How do you know it's the right time to hire your first employee?

learn more about Penny Morey

By Penny Morey

Opinions expressed by Entrepreneur contributors are their own.

My husband started our business five years ago. I came on board a couple years ago to assist with office administration. We're doing fine, supporting just the two of us--but we would like to see this grow into something more.
Having started businesses of my own, I really understand how you feel.

From my perspective, you and your husband need to do some strategic planning to set ambitious but realistic goals of what you want/need for the business to provide for you and your family--both short-term and long-term.

Include the objectives that will allow you to reach your goals and break down the objectives into activities with timelines for achieving each.

Then, I suggest that you each prepare an honest assessment of what you are bringing to the company regarding skill sets--list and evaluate how you both contribute to the business regarding how you spend your time each day/week/month.

Each of you should be able to identify what items on your usual to-do lists could be delegated with a modicum of training and which responsibilities must remain in your own hands.

If you can find ways in which to increase your income or profitability by delegating bookkeeping, for example, so that you can produce more product or chargeable services, that would make sense.

What you don't want to do is create a point of diminishing returns by hiring someone to do something that you could do in a much more cost-effective way or create overhead with no discernible improvement to the business' bottom line.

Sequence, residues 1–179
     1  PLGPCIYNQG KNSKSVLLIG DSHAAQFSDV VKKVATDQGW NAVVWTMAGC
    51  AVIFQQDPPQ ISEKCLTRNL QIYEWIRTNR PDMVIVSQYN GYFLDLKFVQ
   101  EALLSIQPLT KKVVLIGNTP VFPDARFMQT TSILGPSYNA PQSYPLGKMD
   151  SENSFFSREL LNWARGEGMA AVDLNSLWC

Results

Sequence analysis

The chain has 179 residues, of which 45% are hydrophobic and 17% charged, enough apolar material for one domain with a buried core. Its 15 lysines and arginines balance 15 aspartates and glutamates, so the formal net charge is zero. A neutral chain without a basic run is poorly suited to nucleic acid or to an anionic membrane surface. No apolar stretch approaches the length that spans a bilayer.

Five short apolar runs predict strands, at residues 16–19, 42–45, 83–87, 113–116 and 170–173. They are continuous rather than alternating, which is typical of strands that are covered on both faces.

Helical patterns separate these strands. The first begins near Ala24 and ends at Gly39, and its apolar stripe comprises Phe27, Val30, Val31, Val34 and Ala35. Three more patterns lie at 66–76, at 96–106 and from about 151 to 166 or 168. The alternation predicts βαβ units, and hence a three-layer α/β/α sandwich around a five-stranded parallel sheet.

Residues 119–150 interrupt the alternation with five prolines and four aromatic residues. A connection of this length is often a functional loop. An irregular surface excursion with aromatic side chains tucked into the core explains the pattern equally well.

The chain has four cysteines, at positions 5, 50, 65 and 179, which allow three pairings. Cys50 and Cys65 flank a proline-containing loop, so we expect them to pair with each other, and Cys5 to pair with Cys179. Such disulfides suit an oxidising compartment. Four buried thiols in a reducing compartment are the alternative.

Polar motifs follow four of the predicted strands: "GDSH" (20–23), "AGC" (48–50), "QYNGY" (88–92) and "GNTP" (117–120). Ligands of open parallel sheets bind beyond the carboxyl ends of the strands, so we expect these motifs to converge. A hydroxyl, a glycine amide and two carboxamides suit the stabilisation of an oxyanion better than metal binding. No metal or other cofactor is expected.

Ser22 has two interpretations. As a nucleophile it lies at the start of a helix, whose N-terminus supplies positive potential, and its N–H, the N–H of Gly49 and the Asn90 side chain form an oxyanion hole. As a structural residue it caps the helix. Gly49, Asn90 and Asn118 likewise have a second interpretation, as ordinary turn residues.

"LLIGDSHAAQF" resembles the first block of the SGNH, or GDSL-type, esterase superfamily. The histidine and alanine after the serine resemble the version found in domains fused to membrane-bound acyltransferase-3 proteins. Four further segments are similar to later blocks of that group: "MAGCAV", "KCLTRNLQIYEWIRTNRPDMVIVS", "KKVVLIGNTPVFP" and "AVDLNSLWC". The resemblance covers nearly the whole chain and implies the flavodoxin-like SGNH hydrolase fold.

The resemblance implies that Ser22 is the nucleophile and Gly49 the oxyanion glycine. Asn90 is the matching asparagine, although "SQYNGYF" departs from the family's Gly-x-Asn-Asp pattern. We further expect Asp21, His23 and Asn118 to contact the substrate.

A good way to go might be to hire someone on a part-time basis and/or someone who can work virtually (having his/her own home office, for example) to keep your overhead down while you assess the benefits the person can bring.

The good news for you is that in this job market, you can find some outstanding talent to help you with your business.

In addition, you should look around at your competition and see what is developing in that arena. For example, it is possible that a merger might resolve your issues regarding employing anyone. A competitor may need the skills you have and vice versa.
Penny Morey

Penny is a seasoned human resources executive and consultant with over 25 years of diverse business experience in advising enterprise leaders on employment-related matters.

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